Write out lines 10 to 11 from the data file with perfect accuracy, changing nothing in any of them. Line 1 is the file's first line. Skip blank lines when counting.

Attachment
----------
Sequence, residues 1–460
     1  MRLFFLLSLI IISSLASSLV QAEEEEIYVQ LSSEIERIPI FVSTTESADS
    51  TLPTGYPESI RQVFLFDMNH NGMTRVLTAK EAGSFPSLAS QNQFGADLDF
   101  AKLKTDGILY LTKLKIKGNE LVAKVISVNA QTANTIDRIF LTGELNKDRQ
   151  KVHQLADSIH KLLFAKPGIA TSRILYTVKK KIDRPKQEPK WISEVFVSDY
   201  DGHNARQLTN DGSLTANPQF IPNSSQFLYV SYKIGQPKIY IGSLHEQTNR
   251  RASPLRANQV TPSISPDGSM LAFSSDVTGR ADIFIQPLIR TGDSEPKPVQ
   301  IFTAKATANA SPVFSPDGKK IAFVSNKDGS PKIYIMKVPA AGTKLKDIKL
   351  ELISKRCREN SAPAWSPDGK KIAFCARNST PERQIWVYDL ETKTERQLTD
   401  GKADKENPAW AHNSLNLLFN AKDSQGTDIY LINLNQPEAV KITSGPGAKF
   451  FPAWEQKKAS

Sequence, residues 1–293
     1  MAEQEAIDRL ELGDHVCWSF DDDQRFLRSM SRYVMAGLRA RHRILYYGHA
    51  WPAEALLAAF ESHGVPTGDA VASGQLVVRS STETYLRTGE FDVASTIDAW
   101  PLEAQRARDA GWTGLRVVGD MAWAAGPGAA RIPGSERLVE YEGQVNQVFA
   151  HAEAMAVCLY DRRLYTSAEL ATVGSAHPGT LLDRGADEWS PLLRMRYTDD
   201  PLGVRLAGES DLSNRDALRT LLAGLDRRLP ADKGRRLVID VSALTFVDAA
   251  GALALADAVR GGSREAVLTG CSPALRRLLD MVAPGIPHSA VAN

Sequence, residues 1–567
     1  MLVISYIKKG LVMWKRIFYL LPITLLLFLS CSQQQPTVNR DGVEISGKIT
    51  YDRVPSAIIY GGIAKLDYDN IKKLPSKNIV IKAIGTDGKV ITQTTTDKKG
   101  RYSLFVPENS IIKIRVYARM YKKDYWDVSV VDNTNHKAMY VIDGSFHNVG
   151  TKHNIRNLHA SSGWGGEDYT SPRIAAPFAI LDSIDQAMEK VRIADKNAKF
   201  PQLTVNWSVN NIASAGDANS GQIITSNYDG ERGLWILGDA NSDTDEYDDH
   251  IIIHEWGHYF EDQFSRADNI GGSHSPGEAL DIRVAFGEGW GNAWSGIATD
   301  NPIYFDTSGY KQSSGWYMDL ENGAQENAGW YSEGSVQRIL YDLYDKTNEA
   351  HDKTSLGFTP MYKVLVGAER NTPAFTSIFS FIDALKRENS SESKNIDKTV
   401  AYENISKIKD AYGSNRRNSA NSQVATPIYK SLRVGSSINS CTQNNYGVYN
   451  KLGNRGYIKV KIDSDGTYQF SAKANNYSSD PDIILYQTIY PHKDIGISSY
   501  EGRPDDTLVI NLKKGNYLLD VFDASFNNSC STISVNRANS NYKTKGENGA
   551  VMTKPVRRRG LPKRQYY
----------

   401  GKADKENPAW AHNSLNLLFN AKDSQGTDIY LINLNQPEAV KITSGPGAKF
   451  FPAWEQKKAS